To further whet your shopping whistle, check out the Floating Markets: another cultural highlight to touring Bangkok. The most famous floating market for foreign tourists is Damnoen Saduak Floating Market in Ratchaburi Province. Damnoen Sadauk is the epitome of the classic floating market, and therefore a great place for taking beautiful photos. (However, if you don’t want any other tourists in the picture that you must go there early in the morning.)

There are several other Floating Markets which also boast trading boats, delicious food, and vibrant scenery, if you wish to visit one less traveled, such as the Tha Pra Chan Market.

Other Attractions

Bangkok is notorious for its hustle and bustle, but do not fret, there are places to escape the madness of the busy streets and markets.

One such, Lumphini Park in Silom, is the largest park in central Bangkok, and a good way to escape the fumes. Walk through lush gardens and notice beautifully sculpted statues. Bangkok is a hub for both indoor and outdoor art aficionados. For gallery lovers, visit National Gallery , which boasts housing pieces from the King himself, or The Queen’s Gallery, both renowned for their art culture. Thai art and antiques now on display at the Jim Thompson’s House and Museum, as well.

You could even see many Bangkok attractions by bike!

With Bangkok’s new eco-friendly line of bikes in the Green Bangkok Bike project, you could borrow one for free and bike from eight different service stations. Also, a free tour is also given by the Bangkok Metropolitan Administration, should you wish to have a guide as you pedal around!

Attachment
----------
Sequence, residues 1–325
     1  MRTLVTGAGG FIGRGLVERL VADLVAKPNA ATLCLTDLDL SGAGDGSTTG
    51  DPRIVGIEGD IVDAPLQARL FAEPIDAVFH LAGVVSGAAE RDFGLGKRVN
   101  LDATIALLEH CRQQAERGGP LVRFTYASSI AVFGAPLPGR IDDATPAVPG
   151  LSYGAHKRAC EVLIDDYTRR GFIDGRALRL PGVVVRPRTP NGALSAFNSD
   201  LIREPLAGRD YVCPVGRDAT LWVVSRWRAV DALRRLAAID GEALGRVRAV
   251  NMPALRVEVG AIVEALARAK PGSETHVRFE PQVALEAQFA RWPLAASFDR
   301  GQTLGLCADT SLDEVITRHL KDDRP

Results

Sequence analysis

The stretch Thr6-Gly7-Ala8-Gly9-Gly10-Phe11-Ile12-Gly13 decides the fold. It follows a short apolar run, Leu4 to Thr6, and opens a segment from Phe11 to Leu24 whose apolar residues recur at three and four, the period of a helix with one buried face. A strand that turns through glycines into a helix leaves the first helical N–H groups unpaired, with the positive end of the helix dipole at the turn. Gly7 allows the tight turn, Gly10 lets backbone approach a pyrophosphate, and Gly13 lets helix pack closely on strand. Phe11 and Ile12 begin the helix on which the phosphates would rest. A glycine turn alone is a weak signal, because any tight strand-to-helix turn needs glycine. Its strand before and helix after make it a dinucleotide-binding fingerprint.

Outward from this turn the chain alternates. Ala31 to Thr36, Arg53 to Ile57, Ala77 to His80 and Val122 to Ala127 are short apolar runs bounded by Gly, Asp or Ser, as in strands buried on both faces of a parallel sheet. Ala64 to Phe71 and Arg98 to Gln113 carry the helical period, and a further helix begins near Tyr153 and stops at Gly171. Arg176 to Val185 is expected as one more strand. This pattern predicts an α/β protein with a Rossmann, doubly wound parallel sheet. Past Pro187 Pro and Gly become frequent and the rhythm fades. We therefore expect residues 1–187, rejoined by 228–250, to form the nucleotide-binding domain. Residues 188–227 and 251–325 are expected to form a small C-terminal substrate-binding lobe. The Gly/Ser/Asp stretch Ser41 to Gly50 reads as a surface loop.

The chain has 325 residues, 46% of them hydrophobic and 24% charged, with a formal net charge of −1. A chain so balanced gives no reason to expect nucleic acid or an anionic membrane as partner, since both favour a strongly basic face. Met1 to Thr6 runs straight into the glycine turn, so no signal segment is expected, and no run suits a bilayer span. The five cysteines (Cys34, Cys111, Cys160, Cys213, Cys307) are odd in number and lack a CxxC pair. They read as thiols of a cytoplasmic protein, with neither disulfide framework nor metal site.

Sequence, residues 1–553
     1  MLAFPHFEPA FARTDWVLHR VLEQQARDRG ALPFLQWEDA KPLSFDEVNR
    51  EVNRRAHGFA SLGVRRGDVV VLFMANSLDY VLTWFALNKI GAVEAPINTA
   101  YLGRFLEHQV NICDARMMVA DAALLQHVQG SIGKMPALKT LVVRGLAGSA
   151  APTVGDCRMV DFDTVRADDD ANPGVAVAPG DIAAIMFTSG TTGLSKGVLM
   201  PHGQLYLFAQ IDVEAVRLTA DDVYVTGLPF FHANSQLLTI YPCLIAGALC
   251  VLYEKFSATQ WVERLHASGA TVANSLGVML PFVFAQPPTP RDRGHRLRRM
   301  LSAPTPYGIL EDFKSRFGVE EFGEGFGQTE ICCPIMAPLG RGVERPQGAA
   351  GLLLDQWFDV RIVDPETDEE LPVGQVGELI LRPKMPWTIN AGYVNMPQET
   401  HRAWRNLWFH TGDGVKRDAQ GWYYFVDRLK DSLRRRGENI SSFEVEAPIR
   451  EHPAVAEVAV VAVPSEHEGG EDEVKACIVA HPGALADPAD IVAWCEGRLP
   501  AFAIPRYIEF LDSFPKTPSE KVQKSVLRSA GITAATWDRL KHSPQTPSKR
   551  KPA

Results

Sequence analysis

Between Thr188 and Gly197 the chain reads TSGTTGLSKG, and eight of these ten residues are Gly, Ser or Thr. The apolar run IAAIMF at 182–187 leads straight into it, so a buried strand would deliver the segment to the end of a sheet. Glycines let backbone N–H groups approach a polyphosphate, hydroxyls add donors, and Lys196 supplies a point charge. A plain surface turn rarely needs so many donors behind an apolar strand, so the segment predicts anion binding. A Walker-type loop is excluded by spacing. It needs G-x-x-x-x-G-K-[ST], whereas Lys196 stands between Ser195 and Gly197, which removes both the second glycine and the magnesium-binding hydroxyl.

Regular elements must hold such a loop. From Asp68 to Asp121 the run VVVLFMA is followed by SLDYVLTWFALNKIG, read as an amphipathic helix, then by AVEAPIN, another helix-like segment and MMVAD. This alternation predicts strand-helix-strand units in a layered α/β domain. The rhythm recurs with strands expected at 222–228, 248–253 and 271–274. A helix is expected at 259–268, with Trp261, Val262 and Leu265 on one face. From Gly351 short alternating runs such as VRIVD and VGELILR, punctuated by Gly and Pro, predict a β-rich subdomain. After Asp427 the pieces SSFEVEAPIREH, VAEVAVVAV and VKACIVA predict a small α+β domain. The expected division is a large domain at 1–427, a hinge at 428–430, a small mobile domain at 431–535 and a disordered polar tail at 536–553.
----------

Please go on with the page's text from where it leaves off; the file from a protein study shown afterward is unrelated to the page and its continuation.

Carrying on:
For a more relaxing tour, try the Riverside Khlong Tour. Hop on, and move quickly; those boats don’t wait for stragglers! Pay your fare (10 baht) and submerse yourself in a view of the backyards of Bangkok. While on the river, raise your pinkies, and have High Tea by the River author’s Lounge at the Oriental Hotel; a sophisticated way to spend any afternoon.

Khon masks

Khon masks © by mr.beaver

For more entertainment, the Khon, traditional Japanese dancers, put on an excellent, consistent, captivating performance. Khon is the most stylized form of Thai dance; dancers wear elaborate traditional Asian costumes, often with masks. The dance is comprised of four different bodies of characters: female, male, demon and monkey.

Where to stay

We have put together several lists of the best hotels, guesthouses and hostels in Bangkok. Check them out:

For accommodations, travelers can stay at the Focal Local bed and breakfast, nestled in a quaint Bangkok neighborhood, to discover more culture than you would by staying at the Hilton (although the Bangkok Hilton’s restaurant, Maya, has also been considered a “gem”) where the managers are more personal, and often cook, offering you another opportunity for authentic Asian cuisine on your journey.

Or even Mandarin Oriental, often judged as the best hotel in the world. At least, stop in and get a drink at the famous “Bamboo Bar.”

A visit to Bangkok, Thailand is a one of a kind cultural experience. With so many rich attractions and awe-inspiring Temples, it’s easy to see why Bangkok is home to nearly ten million people: there’s something for everyone! Whether as a traveler you prefer to take the slow touring route or a quicker paced shopping and biking tour, visitors are sure to leave pleased and amazed.

For other things to do in Bangkok, including nightlife, see a list of all of our articles tagged Bangkok.